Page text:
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From Paris to Buffalo, climate change on the minds of many

Mike Desmond/wbfo news

With the Paris Climate Summit underway, a local climate summit was held Tuesday night in the Buffalo Science Museum to talk about climate change and climate action in Western New York.

An array of local groups, government agencies, scientists and activists assembled to talk about the issues, especially as they look at the Solar City solar panel plant construction in South Buffalo.
"Renewables really offer us the opportunity to think about, 'How can we produce energy for ourselves with the least amount of consequences?,'" said Ryan McPherson of the Western New York Environmental Alliance.

"What we're seeing today is that as we move forward to a low carbon economy, we're actually at grid parity, meaning the same price point out there but much less of a cost for our community."

One group involved is Western New York Environmental Alliance. Advocacy Chair Lynda Schneekloth says people are free to not believe in climate change.

"Gravity doesn't care if you believe in it. And the climate change, which is going on, the global climate warming, doesn't care if you believe in it. But if you really care about human beings, if you care about future generations, it's important to get on board because it's going to take all of us to make this transition," Schneekloth said.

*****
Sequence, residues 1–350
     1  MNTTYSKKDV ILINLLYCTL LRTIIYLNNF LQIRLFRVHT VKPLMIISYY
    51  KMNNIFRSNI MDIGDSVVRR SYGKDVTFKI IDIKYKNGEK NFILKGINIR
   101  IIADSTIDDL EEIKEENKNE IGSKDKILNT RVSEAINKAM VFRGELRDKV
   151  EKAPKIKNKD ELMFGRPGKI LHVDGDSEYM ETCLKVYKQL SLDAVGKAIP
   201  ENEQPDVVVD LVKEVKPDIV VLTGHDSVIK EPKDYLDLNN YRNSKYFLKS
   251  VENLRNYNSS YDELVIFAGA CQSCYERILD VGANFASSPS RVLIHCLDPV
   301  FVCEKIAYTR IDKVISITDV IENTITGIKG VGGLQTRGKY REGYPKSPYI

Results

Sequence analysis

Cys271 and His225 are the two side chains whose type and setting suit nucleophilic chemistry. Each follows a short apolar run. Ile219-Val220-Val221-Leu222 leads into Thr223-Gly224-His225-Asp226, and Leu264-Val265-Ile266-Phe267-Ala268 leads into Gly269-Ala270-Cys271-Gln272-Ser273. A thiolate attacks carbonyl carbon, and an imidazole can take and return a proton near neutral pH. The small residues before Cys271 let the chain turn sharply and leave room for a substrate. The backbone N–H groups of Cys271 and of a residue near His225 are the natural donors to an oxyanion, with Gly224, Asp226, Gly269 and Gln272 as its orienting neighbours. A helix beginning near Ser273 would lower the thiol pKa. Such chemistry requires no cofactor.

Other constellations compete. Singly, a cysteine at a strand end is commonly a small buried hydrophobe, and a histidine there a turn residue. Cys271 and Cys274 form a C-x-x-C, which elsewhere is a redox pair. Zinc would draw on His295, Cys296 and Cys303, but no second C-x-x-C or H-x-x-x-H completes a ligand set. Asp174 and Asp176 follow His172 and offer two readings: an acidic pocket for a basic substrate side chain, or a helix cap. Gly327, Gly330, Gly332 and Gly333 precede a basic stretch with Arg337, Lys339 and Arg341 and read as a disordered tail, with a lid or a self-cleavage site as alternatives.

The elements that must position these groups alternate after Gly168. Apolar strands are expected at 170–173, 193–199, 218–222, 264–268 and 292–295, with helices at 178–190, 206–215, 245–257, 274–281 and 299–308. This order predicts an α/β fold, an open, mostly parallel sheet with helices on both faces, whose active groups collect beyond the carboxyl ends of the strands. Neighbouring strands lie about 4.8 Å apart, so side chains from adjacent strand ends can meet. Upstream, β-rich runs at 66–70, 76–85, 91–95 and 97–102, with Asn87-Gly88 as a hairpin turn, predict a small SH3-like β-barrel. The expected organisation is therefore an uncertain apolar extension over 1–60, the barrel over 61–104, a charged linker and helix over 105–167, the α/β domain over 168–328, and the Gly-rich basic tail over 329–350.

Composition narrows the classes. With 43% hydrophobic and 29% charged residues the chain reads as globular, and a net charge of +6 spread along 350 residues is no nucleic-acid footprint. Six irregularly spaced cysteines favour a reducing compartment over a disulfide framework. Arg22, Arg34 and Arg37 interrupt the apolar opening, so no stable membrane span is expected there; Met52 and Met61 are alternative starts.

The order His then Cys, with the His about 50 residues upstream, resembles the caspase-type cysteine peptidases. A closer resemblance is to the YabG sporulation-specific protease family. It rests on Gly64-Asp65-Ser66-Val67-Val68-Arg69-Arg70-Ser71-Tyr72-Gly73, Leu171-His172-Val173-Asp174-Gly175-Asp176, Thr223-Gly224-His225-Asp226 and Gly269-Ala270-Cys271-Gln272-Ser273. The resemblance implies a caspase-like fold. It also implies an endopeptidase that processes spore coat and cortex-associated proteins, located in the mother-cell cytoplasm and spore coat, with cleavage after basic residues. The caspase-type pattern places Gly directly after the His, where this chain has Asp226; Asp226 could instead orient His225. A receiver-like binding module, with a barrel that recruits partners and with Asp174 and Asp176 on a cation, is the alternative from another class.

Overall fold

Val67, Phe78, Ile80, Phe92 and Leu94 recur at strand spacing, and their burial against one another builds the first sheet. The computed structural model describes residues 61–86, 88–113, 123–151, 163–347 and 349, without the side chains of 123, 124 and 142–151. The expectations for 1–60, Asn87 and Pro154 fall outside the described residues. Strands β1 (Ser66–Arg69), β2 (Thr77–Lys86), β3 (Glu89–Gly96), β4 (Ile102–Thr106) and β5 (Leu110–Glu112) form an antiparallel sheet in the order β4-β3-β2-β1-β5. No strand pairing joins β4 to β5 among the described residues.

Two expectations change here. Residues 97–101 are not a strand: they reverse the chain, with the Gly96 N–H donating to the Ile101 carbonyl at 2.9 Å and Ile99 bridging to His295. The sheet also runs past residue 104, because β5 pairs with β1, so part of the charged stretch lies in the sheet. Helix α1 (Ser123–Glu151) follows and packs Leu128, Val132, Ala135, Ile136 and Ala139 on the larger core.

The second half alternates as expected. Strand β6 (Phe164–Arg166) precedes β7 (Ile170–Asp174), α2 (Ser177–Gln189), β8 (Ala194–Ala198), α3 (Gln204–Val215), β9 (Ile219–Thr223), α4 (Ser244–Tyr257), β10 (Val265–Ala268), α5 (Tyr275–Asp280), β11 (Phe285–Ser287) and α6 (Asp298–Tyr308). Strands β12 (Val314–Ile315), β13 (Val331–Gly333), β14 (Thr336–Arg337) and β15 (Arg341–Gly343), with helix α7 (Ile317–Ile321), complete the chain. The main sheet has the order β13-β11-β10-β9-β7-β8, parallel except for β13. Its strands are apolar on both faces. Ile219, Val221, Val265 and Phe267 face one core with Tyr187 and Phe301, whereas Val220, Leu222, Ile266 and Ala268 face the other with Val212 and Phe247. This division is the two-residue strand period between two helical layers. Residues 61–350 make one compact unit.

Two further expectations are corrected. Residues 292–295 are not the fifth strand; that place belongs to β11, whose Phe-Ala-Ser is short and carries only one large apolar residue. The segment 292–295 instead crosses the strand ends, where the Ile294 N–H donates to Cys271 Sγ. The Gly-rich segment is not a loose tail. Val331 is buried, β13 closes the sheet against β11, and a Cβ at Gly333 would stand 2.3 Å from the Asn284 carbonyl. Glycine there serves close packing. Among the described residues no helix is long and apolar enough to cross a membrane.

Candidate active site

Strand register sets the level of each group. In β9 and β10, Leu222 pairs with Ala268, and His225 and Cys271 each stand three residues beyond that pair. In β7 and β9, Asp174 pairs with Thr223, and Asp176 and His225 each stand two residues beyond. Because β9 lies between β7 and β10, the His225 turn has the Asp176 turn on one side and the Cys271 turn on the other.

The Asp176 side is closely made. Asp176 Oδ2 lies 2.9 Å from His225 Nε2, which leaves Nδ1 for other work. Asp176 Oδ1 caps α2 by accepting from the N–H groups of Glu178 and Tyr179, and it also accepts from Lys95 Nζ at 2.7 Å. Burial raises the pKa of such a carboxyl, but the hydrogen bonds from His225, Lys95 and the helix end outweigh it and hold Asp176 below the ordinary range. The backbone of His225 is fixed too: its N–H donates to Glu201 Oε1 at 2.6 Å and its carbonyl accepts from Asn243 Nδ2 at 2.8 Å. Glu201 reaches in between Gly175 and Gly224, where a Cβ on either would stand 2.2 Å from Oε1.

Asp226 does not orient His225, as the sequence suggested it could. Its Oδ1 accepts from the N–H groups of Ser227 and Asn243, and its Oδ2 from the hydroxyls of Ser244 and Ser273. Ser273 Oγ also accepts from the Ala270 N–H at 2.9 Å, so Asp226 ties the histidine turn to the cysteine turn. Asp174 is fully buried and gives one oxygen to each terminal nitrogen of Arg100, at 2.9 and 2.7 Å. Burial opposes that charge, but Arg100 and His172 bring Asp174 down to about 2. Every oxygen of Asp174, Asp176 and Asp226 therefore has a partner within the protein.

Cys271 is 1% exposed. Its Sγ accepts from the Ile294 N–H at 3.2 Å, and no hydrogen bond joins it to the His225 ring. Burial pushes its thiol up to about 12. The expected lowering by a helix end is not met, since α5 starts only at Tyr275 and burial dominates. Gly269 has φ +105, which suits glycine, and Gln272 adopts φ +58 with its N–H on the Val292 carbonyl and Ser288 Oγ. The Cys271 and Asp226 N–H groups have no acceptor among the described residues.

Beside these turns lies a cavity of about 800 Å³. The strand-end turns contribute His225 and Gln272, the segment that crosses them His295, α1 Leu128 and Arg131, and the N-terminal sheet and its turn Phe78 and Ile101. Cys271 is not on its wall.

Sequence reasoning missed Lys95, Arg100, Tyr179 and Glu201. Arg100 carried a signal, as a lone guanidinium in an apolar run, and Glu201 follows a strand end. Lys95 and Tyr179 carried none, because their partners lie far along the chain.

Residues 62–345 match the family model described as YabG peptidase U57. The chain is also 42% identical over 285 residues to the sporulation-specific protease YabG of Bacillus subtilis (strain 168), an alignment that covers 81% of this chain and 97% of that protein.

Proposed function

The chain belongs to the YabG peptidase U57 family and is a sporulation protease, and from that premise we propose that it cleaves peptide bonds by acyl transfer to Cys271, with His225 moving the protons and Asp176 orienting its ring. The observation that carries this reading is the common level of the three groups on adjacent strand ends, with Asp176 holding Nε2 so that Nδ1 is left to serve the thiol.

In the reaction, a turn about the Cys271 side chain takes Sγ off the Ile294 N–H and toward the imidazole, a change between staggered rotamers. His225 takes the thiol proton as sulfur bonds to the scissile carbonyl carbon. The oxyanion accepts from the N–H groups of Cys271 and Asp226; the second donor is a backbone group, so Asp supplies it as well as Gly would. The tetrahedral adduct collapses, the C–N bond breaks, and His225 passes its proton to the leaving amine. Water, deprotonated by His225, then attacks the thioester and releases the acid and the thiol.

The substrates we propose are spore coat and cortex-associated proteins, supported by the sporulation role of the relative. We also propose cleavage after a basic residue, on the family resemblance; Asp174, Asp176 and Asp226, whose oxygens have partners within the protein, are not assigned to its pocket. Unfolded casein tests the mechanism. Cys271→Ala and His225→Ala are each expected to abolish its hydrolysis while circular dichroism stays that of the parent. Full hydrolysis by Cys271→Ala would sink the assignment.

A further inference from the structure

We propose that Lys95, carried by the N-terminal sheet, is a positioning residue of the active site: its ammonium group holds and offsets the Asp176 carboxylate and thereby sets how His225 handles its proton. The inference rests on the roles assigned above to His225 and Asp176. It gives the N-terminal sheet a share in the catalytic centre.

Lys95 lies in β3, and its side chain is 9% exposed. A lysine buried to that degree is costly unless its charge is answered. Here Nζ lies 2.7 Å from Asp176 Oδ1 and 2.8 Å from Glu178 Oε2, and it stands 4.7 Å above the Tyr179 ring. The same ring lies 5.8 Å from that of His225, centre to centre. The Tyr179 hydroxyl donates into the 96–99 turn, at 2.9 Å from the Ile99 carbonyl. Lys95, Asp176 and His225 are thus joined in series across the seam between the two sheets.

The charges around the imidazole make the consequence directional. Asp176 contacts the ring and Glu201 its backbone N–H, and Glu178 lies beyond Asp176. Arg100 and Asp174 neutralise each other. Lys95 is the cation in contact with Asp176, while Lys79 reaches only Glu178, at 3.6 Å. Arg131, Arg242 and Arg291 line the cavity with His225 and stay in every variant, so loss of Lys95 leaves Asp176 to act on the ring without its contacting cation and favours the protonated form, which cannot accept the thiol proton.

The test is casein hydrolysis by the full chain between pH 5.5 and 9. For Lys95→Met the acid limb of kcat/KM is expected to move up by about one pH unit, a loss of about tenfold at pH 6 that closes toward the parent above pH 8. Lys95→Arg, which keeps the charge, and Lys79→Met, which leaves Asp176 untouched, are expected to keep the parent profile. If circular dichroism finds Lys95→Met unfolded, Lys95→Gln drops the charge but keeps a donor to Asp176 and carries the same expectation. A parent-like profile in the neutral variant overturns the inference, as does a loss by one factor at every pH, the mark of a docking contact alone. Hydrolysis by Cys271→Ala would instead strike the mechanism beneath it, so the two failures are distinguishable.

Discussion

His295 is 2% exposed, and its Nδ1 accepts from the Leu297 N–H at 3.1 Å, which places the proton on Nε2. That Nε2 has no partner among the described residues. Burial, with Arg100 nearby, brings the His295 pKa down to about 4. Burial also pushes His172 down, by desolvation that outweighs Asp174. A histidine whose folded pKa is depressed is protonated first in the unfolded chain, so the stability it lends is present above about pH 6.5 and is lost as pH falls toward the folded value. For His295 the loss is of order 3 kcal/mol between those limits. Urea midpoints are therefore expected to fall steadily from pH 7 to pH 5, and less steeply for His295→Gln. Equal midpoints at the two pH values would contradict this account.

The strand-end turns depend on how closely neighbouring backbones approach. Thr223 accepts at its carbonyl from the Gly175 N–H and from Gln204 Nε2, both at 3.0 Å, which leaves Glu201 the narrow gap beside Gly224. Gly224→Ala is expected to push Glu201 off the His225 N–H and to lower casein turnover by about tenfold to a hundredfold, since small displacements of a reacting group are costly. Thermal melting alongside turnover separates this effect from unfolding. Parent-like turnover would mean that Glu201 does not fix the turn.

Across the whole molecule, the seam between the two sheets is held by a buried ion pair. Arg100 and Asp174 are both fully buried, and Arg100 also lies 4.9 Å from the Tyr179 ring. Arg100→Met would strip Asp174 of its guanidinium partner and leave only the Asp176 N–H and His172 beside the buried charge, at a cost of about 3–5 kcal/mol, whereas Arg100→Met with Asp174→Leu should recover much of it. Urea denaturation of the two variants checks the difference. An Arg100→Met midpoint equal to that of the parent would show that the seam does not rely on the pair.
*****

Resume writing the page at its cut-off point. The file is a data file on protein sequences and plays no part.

In an environmental movement often criticized for not including people of color, Jim Anderson says that's why he was there. The state vice president of Citizen Action says the environmental community has to reach out to attract people.

"Often, when it comes to communities of color, we like to say, 'Well, it's in your self-interest.' It may be. They still need a sugar cube like get them the paint on their houses, get them the resources they need to get the renewable stuff in their house. Don't make it so complicated, so hard. And, if you do that, then we can move as a whole Western New York community," said Andeson.

Sponsors of the meeting say there is a major transformation underway on energy issues, as people buy into conservation and alternative energy sources like solar panels.

Mike Desmond is one of Western New York’s most experienced reporters, having spent nearly a half-century covering the region for newspapers, television stations and public radio. He has been with WBFO and its predecessor, WNED-AM, since 1988. As a reporter for WBFO, he has covered literally thousands of stories involving education, science, business, the environment and many other issues. Mike has been a long-time theater reviewer for a variety of publications and was formerly a part-time reporter for The New York Times.